initially being co-founder of the Institute for Humane Education. She holds
degrees in Cultural Anthropology and Environmental Education from the
University of Wisconsin. She is co-founder/co-director of Plant Peace Daily and
co-founder of Vegfund.


– I have been vegan since I was 17 (nearly 33 years). I became
vegetarian at the age of 11, when I looked at the “roast” meats we
ate and they were so clearly part of a sheep, pig, cow, etc. that I said to my
mother – I don’t want to eat meat any more. I haven’t eaten it since. I gave up
eggs when I was 13, it felt “wrong” to eat them for many reasons.
Then when I was 16/17 I read about the dairy industry and I was horrified; I
realised how much the meat industry and dairy industry relied on each other. I
couldn’t believe the cruelty of removing and often killing calves to enable
humans to have the milk that wasn’t rightfully theirs in the first place. I
knew I would have to stop eating/using all animal products. When I became vegan
I stopped wearing wool, leather and bought cruelty-free cosmetics, etc. Things
have changed dramatically since 1977 – vegan food is much more accessible in
shops and restaurants, and people tend to know what a vegan is! I used to have
to explain it far more than I do now. I need to be around other vegans at times,
otherwise I can feel isolated as none of my immediate friends are vegan. The
internet has also really helped with finding out about local groups. ~ It’s
hard to know if I’m healthier because I was relatively young when I became
vegan. People say I look very healthy and look younger and fitter than I am (53
in May). My doctor told me my blood pressure is that of an 18 year old…so
that says a lot too. ~ I have never wavered. I am lucky (for want of a better word)
that I didn’t have to apply any will-power. I did not want to consume those
products and I felt a natural aversion to them – as such “stopping”
felt relatively easy and natural. ~ I like cooking and eating interesting and
varied food. It helps to find recipes you like and to experiment with them, and
to keep lots of ingredients in the house so they are there when you need them.
I always prepare a fresh lunch for myself to take to work. I love to cook for
friends, and they proudly tell other people about their vegan friend who is a
really good cook! I love that. I make sure that my diet is 90% +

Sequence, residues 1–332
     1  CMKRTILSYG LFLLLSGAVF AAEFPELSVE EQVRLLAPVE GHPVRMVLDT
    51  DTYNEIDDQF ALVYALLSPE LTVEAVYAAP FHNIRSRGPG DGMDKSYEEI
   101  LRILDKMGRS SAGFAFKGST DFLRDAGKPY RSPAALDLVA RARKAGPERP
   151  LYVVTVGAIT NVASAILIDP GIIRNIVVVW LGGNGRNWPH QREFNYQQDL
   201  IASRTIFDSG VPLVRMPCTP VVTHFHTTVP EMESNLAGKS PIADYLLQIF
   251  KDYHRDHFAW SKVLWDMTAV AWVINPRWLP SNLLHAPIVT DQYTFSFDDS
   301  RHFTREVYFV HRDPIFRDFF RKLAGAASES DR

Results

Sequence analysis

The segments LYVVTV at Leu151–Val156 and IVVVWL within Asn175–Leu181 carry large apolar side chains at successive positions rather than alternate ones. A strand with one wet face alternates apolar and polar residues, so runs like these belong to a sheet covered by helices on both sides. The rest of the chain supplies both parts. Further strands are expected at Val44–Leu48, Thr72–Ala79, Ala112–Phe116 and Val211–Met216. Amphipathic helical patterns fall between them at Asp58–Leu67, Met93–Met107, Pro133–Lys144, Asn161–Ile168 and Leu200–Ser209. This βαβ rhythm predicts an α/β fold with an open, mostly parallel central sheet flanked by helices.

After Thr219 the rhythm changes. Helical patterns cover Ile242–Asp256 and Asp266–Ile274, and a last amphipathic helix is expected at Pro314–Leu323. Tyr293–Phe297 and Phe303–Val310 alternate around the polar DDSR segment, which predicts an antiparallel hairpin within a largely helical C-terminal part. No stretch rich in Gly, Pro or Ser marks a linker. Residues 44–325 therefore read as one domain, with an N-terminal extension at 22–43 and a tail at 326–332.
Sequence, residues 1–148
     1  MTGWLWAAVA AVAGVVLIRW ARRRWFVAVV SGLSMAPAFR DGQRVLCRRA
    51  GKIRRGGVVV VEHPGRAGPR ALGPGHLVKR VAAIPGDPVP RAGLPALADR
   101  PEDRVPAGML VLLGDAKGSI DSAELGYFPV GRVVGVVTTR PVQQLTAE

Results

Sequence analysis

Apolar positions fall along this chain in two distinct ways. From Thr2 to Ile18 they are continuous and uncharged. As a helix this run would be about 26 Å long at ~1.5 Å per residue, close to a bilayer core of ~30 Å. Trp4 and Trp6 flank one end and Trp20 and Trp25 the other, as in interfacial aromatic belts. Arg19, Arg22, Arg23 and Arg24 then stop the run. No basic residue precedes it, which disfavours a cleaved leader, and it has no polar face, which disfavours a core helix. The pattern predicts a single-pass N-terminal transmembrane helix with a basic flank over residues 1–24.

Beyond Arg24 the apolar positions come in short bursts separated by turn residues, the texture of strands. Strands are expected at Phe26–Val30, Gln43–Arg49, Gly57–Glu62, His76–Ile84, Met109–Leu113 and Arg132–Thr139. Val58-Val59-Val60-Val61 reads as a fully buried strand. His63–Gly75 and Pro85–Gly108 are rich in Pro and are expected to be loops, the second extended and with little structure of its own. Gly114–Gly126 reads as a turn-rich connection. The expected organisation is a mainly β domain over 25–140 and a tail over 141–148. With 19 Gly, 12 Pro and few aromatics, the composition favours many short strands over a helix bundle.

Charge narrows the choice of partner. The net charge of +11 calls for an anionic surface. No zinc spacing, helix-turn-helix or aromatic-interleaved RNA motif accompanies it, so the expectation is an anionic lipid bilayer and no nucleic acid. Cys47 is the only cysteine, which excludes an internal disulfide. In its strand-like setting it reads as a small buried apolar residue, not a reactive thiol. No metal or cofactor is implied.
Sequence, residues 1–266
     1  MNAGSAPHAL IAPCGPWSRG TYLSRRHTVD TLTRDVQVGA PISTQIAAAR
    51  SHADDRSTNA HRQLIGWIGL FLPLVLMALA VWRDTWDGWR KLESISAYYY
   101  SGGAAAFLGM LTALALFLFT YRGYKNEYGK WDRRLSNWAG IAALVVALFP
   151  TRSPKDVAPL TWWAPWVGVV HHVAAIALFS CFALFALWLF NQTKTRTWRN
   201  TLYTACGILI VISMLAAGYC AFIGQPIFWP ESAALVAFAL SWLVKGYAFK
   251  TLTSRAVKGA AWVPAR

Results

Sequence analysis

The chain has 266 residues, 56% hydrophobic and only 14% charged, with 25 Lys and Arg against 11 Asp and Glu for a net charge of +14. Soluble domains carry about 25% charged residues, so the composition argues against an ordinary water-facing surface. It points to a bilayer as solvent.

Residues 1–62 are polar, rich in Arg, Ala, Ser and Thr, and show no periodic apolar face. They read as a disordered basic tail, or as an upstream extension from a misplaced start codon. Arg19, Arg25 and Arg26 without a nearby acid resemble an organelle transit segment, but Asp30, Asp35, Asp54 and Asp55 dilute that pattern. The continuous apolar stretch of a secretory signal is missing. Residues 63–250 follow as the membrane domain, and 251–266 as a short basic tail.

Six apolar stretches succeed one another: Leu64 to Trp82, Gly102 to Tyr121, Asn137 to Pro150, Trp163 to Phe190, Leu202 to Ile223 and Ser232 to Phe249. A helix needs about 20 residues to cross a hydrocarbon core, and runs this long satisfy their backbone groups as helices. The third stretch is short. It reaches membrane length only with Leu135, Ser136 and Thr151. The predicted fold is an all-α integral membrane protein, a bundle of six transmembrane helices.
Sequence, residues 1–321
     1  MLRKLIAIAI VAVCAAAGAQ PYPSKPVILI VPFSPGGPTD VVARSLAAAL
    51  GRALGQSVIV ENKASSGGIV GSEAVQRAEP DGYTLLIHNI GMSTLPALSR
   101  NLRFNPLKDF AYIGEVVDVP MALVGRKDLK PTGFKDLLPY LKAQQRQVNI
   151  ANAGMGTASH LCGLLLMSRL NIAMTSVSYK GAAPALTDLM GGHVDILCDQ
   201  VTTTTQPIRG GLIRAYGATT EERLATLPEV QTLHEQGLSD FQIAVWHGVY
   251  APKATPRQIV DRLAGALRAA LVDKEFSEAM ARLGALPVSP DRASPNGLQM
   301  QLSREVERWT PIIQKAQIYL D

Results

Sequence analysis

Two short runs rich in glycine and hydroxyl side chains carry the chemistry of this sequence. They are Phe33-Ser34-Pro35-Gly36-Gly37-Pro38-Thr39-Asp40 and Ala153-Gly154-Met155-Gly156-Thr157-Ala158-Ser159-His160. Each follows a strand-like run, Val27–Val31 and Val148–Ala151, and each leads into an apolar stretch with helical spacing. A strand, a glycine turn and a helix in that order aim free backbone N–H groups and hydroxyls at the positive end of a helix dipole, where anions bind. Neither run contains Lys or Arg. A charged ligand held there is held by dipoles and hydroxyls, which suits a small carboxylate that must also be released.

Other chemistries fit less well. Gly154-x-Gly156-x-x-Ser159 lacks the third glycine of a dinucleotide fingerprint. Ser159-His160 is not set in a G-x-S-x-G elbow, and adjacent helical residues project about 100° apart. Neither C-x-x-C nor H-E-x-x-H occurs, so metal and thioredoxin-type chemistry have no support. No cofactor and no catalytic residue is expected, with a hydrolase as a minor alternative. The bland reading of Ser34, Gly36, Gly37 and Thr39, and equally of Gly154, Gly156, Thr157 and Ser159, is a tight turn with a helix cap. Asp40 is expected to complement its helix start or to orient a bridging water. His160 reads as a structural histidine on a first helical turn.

“healthy” but I allow myself a 10% treat option! i.e. lots of fresh
fruit, veg, wholefoods etc., with some chocolate or cake if I want it. ~ My
message to the world would be that we can only be truly evolved if we follow a
vegan diet and lifestyle – We are here in the earth to share it with our fellow
beings; they are not here to be used and abused by us.

L Thompson
, Founder Choosing Compassion Over Cruelty – has been Vegan since
1973 – that’s 40 years! ~ “I actually stopped eating dairy and eggs in the late
1960’s. My “aha” moment came when I was 4 years old. I was at a
poultry store and had made friends with a chicken in a wooden crate. When the
butcher asked which one we wanted, I pointed to my new friend, thinking that
she would come home with us and be the new family pet. Well. It just so
happened that at my height I was at the perfect vantage point to see what
happened to her as she was being slaughtered in the back room. I felt totally,
and utterly, responsible for her death. Later, that evening, when we were
served “chicken” for dinner, which I refused to eat, my father asked
me if I knew what chicken cost, I truthfully answered “yes” I did
know what it cost the chicken. I did however; have to wait until I grew up to
completely stop eating meat. ~ In the 1970’s veganism was almost an underground
movement, something practiced by hippies. There was very little effort to get
the word out. Now, there is more out-reach and information about the movement
in movies and mainstream media. ~ I was healthy when I became vegan and I
continue to be generally in good health. The only health problems that I have,
is that in 2010, after about 2-3 years as a raw vegan, I developed